New York Governor Andrew Cuomo's adminstration released a study Friday that finds the state could benefit by legalizing marijuana.
The report cites growing public support for a regulated legal marijuana program, and says a state run system protects consumers from risks encountered in the black market sale of the drug. It says it could also create over 200,000 new jobs, and bring $700 million in tax revenue to the state.
The report finds legalization does come with risks; heavy use of the drug can affect memory and exacerbate some mental health conditions, and from eight to 30 percent of regular users can become addicted.
The report represents a big change for Cuomo, who last year called marijuana a “gateway drug” to more harmful substances.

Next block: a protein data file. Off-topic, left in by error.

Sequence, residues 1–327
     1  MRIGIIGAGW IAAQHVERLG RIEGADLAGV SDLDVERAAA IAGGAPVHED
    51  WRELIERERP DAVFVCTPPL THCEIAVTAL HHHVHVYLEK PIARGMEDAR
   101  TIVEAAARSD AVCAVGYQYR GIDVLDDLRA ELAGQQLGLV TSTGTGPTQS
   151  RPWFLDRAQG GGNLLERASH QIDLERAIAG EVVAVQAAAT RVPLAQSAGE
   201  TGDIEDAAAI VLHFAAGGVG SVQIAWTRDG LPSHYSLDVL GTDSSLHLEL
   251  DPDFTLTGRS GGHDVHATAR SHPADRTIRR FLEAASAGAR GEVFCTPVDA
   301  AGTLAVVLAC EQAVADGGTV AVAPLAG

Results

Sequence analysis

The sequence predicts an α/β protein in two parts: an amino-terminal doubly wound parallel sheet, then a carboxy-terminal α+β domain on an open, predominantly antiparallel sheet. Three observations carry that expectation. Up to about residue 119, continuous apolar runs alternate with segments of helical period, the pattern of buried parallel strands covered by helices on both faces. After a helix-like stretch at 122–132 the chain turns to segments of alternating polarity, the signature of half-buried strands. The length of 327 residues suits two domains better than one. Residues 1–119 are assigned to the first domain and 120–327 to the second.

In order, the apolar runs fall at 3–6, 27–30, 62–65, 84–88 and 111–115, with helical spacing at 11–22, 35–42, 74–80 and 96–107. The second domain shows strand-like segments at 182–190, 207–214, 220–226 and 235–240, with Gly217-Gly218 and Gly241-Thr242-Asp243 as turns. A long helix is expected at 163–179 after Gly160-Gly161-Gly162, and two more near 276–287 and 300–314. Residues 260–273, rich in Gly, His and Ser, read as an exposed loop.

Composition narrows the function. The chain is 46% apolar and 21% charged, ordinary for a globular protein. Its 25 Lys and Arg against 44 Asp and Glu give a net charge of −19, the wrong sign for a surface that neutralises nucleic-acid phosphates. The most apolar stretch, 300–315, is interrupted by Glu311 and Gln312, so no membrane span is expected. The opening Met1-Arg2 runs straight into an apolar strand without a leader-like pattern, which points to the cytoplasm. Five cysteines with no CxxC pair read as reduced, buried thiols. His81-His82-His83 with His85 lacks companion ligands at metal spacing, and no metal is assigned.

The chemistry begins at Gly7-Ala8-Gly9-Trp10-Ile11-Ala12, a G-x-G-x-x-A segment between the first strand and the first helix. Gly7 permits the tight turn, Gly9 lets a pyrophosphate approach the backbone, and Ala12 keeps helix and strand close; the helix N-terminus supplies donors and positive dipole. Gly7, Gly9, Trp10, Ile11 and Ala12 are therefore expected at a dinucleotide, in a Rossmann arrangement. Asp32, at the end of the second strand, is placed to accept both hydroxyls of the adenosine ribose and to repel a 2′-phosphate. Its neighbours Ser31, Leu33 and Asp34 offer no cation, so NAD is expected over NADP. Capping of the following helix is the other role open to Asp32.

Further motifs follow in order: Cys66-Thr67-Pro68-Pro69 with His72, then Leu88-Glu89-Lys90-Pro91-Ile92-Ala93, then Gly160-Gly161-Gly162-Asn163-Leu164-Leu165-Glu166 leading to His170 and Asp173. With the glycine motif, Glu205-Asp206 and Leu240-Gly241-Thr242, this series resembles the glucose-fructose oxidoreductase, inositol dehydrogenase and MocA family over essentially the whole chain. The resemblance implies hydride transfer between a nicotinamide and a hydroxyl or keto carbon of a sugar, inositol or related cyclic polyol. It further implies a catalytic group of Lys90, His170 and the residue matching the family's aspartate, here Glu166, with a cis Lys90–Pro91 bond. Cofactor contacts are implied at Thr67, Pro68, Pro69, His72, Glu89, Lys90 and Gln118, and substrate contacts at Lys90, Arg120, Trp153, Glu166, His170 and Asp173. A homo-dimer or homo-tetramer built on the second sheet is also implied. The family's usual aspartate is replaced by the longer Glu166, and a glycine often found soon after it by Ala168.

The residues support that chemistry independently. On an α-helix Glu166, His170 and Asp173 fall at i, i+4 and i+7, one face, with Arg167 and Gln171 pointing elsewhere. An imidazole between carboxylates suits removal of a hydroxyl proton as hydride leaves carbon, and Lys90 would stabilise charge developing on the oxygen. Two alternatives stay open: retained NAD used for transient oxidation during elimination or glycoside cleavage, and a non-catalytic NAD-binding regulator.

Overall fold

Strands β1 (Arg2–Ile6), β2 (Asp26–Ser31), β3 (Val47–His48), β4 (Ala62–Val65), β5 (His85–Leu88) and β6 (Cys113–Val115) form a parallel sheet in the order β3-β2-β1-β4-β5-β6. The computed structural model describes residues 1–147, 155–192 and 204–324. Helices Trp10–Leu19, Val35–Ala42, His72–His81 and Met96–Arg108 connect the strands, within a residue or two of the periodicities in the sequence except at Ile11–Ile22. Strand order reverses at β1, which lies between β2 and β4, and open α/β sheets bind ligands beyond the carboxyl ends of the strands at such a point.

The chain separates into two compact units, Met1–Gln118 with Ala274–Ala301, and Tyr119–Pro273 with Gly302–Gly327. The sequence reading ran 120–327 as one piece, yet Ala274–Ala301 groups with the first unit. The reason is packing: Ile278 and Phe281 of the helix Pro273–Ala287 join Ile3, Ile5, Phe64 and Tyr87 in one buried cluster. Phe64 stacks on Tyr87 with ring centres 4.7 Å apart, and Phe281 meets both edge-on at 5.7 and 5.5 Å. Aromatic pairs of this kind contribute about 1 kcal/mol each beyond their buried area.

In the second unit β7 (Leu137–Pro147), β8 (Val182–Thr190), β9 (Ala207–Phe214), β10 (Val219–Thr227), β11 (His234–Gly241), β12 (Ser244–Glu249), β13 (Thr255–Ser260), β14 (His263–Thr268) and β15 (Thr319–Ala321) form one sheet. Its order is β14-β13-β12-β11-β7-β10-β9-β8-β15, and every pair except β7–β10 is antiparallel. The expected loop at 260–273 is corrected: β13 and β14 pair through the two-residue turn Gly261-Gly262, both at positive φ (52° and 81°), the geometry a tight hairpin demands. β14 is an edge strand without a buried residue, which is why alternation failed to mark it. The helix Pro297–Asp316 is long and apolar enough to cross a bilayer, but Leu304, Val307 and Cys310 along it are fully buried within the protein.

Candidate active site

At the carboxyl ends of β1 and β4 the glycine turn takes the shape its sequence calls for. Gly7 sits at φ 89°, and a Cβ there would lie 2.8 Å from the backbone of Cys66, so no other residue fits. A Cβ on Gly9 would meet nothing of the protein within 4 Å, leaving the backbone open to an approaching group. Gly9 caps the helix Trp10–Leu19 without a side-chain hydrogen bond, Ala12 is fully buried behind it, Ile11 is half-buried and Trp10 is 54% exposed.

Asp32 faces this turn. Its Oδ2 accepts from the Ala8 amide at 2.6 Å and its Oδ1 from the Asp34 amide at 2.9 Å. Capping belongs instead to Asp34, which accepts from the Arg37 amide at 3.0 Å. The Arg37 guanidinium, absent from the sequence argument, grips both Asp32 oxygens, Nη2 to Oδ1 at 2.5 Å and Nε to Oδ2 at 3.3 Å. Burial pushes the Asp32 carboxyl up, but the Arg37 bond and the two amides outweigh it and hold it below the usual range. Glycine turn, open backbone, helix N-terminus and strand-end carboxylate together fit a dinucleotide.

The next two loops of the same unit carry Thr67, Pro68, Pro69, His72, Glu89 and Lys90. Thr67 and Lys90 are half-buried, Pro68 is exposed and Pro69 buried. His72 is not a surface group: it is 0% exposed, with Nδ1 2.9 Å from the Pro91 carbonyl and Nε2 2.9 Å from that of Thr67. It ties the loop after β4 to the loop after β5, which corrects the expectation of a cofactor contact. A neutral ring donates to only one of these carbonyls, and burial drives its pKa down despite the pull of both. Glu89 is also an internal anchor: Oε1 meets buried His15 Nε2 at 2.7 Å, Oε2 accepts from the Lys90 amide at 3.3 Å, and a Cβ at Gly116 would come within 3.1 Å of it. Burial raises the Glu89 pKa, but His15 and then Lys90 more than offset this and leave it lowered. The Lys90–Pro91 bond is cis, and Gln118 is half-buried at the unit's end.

Cynthia Nixon, Cuomo’s primary opponent in the governor’s race, who is challenging the governor from the left, is also a supporter of legalizing marijuana, saying the state’s laws against the drug disproportionately harm people of color. Nixon claimed credit for Cuomo’s policy shift, and also accused Cuomo of trying to distract the public from the federal jury’s bid rigging conviction late Thursday of the former architect of the governor’s multi-billion dollar economic development program.
Nixon, in a statement, says Cuomo “is hoping New Yorkers get too stoned to remember” the corruption trials.
The drug will likely not become legal before the legislature meets again, in 2019.